It’s not a huge expense. But for $99, you’re going to maintain that smile. And if for any reason, your teeth shift, you’re not happy with them, we’re going to give you at least one free touchup annually. So, therefore, you don’t have to worry about it.

Let me tell you, a big chunk of our customers, I don’t know the exact number, but it’s in probably 30% to 40% range of our customers had worn some type of appliance to straighten their teeth prior to coming to us, whether they were teenagers wearing braces, they forgot to wear their retainers. A lot of them are adult patients that, after treatment, the orthodontist or dentist didn’t push hard enough the need for wearing a retainer and then, you know, very quickly, all of a sudden, their teeth shift. So I think in our customers, we have good attachment rates on our retainers, and I think it’s going to make it more so. And we love for them all to stay in compliance, wear the retainers every six months.

And if for any reason, they’re unhappy, we’re going to go ahead and take care of it for life.

Kyle WailesChief Financial Officer

Yeah. And then just on the P&L side, as of today, and we’re still pretty early in the rollout of this, not expecting any material impact from a P&L perspective. You know, the overall, as David pointed out, purchasing two retainers per year, approximately, is going to offset cost of goods sold if, you know, sort of every member ultimately were to get that touchup per year, which we don’t think will happen. So it should be a small incremental positive.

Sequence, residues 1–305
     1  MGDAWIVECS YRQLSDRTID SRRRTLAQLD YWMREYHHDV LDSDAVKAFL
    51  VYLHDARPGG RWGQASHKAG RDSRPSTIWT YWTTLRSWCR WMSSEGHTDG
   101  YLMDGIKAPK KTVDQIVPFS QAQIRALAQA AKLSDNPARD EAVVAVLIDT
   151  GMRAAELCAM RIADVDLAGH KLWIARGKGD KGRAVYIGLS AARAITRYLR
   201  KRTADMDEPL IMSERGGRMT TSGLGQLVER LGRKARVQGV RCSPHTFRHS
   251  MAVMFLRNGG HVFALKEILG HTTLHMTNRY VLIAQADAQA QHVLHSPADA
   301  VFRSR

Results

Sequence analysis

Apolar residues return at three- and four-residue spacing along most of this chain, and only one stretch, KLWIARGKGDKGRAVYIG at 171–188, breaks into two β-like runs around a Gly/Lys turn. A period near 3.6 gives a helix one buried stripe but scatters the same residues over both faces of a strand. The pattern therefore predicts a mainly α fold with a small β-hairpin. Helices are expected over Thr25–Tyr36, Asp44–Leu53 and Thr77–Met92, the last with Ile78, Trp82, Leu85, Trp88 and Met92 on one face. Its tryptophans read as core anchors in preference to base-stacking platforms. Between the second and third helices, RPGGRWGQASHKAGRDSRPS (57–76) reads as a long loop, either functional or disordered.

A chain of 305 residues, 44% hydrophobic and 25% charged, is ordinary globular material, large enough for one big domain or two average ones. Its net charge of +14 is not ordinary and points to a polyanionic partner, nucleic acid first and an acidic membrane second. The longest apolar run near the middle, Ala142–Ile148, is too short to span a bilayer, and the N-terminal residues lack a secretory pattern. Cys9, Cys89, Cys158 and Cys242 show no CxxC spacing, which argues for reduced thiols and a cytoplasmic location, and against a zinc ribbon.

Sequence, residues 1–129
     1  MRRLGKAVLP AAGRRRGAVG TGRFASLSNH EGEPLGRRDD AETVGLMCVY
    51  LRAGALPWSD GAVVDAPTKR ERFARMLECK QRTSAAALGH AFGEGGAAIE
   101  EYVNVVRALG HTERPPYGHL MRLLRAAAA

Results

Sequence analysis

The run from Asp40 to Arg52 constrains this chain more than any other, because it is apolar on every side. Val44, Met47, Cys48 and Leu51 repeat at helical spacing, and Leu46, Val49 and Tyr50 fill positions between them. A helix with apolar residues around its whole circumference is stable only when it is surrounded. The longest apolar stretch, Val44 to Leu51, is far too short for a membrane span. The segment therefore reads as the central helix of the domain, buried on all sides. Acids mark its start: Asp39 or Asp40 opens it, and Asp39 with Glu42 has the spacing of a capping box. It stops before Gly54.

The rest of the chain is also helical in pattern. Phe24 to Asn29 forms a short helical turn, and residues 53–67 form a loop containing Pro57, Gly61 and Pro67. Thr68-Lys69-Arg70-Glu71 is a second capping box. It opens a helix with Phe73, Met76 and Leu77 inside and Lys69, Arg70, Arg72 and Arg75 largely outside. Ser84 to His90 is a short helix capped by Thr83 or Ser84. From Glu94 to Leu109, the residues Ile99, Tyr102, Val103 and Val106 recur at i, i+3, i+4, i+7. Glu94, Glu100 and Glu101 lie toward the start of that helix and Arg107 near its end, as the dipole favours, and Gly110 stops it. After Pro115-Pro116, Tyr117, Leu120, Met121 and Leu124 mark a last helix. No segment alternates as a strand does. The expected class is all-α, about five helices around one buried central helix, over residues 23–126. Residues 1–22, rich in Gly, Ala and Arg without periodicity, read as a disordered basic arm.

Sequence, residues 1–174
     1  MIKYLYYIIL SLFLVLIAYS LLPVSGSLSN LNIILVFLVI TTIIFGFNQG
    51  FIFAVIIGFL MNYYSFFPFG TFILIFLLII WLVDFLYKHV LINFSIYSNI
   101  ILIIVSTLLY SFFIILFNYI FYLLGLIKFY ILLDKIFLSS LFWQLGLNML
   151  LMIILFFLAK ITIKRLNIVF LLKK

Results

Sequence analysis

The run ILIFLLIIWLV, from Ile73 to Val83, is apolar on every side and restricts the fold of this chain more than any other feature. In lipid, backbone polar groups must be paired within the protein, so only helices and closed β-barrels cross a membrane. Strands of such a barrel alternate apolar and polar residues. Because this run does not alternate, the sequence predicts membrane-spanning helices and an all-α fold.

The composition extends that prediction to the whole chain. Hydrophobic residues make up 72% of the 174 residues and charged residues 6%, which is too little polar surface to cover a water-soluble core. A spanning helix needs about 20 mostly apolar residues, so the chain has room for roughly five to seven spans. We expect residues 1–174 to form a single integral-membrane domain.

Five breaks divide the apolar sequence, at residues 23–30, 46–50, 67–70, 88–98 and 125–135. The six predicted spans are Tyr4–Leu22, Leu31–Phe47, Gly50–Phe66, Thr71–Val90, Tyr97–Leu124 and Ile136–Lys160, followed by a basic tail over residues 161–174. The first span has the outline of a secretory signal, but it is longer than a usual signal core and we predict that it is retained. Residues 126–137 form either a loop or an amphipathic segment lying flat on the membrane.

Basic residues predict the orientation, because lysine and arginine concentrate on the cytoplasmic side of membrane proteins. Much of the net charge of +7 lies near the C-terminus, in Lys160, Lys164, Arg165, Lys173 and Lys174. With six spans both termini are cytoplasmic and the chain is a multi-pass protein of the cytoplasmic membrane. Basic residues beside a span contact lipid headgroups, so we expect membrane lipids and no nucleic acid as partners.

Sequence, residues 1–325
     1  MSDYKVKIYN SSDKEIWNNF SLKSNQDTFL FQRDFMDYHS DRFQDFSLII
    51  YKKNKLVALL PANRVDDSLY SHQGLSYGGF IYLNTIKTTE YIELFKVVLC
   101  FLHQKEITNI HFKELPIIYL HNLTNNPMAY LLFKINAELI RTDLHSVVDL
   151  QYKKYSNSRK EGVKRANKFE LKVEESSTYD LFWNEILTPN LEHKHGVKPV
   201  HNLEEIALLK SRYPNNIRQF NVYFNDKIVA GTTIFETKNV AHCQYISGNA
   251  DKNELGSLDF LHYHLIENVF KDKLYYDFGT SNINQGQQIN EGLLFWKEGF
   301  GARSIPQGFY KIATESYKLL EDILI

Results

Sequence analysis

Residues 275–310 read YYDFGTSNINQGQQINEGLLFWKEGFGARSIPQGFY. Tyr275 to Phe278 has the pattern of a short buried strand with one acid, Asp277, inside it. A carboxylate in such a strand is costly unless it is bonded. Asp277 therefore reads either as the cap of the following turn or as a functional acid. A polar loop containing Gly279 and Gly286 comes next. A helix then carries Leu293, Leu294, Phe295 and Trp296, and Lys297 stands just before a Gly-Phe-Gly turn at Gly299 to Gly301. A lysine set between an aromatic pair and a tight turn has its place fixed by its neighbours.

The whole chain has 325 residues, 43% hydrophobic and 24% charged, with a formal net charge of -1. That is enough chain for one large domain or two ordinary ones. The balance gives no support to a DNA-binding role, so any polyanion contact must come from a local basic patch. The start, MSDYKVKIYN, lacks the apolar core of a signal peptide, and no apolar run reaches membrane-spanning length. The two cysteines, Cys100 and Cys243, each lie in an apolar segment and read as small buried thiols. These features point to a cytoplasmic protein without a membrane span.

But as of now, we’re certainly not modeling anything material from an upside perspective as we sit here today. I think what it will do, certainly, is help on the front end with conversion and the fact that we’re standing by and guaranteeing the smile for life also with club member satisfaction as well by giving this offering, but also improving the rate at which people are compliant to do their check-ins and stay in touch with their doctor throughout the treatment as well, which we think will help with overall Net Promoter Score and club member satisfaction.

Dylan CardenWilliam Blair & Company — Analyst

Sure. Thanks a lot. Appreciate it.

Operator

Thank you. Our next question is from Glen Santangelo with Guggenheim. Please proceed with your question.

Glen SantangeloGuggenheim Securities — Analyst

How are you? Thanks for taking my questions. David, I just had two quick questions for you. I’m kind of curious on the cybersecurity issue, dig in a little bit more. I mean I’m guessing you’re much more of an expert today than you were a couple of months ago.

And I’m kind of curious, looking back, do you think the company could have did anything differently? For example, do you wish you invested more heavily in IT security? And how do investors get comfortable that something like this won’t happen again and that it was just a one-time sort of issue where SDC had bad luck?

David KatzmanChairman and Chief Executive Officer

Yeah. It’s a good question. You know, look, we’re always aware of it. We have our insurance policy for it.

And we’ve been building out our, what we call, our engineering security team. We spent millions of dollars on it. You know, we’re a HIPAA company. We’re in healthcare.

So we have to take this very seriously. I don’t know if anybody can do anything. The big news over the last couple of days has been what’s happened here out on the East Coast with the fuel pipeline. I’m sure you’ve heard about that recently.